Removes alum plaque
With toothpaste and the right brushing technique, deposits can be removed as far as possible. Dental floss and interdental brushes are also recommended for cleaning inaccessible areas. There are many aids for dental care.
While the Stone Age man did not have to take any special measures for dental care due to a diet rich in fiber and low in carbohydrates, the ancient Egyptians and Romans already came up with something against annoying plaque. The Egyptians are known to rub their teeth with a mixture of pumice stone powder and vinegar. In ancient Rome, urine was supposed to keep teeth healthy. In the Middle Ages, the recipes for the first toothpastes became more complicated: deer horn ash, mastic, salt, alum and myrrh ended up in the pastes, but simple creams made from whipped chalk or natural limestone were also widespread.
How do you get white teeth? More about toothpaste.
To this day, toothpastes work with the same principle as their historical predecessors: Fine cleaning particles are supposed to rub the plaque off the tooth surfaces when you brush your teeth. A fifth to half of the toothpaste consists of these fine polishing bodies, which are usually made of silica or plastic.
In addition, toothpastes often contain foaming agents and certain substances that have germicidal, analgesic and anti-inflammatory effects. When buying toothpastes, it should be noted that it also contains fluoride (around 1,500 ppm in adults) to prevent tooth decay. Pastes advertised as whiteners are only recommended to a very limited extent. They often contain abrasive cleaning particles and can thus rub off tooth enamel too much.
Brush your teeth: know how!
Even when choosing a toothbrush, you should not fall back on the first product that comes your way. A brush with a non-slip, stiff handle, a short head and normal hard bristles is ideal for average use. The short head allows you to reach hidden areas, the stiff handle gives the best control over the brushing movements.
After use, the Brush should be stored dry, on average a new copy should be made every two months be purchased. Last but not least, the brushing technique determines the success of dental care. The rule still applies: Brush from red to white. This should be done thoroughly, but not with overzealousness (if you want to know exactly, you can check your contact pressure with the kitchen scales. The optimum is around 150 grams). At least Brush your teeth twice a day with a pea-sized amount of toothpaste for about two minutes is sufficient to ensure effective protection against harmful bacteria.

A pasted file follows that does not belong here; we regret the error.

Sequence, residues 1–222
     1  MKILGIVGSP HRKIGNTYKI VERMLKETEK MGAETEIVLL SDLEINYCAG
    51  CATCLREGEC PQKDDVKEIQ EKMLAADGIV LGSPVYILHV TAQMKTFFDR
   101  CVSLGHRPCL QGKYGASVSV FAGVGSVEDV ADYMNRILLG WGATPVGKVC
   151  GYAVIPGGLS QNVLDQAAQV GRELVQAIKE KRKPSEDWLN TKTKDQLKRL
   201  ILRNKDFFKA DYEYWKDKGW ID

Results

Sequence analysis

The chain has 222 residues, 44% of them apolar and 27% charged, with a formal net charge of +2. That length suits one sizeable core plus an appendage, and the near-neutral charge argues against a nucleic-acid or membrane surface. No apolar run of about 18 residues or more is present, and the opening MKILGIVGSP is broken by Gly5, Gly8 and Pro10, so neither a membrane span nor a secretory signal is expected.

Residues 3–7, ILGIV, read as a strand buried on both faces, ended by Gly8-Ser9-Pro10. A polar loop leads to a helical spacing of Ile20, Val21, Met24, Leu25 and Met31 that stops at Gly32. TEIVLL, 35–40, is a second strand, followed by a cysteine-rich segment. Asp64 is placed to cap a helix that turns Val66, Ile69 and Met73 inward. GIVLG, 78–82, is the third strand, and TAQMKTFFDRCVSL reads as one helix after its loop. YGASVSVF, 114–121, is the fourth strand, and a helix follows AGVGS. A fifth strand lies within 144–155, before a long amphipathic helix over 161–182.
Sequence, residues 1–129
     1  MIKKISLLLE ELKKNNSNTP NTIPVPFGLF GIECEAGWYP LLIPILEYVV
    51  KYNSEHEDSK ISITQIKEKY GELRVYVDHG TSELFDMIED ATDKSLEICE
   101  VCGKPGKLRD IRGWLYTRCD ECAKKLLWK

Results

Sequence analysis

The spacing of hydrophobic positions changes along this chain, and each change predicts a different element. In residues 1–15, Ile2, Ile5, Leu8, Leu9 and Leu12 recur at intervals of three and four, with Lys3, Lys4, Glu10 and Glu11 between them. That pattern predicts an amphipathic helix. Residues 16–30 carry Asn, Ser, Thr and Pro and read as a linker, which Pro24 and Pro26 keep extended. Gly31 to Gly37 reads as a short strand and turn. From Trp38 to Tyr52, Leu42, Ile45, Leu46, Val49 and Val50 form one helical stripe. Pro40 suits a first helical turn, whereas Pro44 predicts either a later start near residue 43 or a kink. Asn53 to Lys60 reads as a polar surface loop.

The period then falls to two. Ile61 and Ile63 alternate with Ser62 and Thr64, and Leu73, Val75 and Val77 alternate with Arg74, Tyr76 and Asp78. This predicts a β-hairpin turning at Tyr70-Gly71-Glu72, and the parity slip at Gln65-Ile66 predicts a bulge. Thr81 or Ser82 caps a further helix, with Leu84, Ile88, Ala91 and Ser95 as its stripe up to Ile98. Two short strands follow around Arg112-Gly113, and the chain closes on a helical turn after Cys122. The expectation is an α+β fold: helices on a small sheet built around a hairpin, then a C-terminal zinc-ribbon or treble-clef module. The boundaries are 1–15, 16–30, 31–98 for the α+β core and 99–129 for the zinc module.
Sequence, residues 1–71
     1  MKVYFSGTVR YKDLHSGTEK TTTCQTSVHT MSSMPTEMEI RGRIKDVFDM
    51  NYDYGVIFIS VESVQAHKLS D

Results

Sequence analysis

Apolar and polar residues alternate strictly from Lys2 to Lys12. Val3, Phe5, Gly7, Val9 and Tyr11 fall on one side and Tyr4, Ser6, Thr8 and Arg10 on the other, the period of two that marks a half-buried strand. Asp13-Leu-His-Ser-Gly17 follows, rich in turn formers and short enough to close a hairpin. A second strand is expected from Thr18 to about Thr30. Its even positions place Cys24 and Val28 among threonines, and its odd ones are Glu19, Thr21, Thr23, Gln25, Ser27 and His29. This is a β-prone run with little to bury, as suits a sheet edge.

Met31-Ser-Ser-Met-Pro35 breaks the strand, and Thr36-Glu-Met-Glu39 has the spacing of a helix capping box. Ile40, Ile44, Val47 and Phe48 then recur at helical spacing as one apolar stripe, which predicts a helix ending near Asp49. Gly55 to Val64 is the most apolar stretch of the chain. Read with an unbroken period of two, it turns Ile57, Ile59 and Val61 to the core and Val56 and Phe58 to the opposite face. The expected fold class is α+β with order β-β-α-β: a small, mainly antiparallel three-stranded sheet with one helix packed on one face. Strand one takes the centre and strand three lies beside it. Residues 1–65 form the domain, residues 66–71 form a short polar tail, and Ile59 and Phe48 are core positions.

Electric toothbrush for better oral hygiene
Electric toothbrushes are also widespread and extremely practical for brushing teeth these days. To get straight to the point: When it comes to the thoroughness and efficiency of cleaning, they are a step ahead of manual toothbrushes. Their high-frequency vibrating brush heads reach spaces between teeth and tooth surfaces far back in the mouth more easily. The interchangeable brush heads can simply be exchanged regularly.
Whether oscillating toothbrushes or so-called ultrasonic toothbrushes are used does not matter for the end result. Stiftung Warentest took a closer look at various models from several manufacturers and found a wide range of offers. The evaluation showed that a product classified as “very good” is already available for 30 euros. An electric toothbrush is therefore more recommended than a manual toothbrush, especially for the elderly and people with limited mobility.
Special care aids for the "more mature" teeth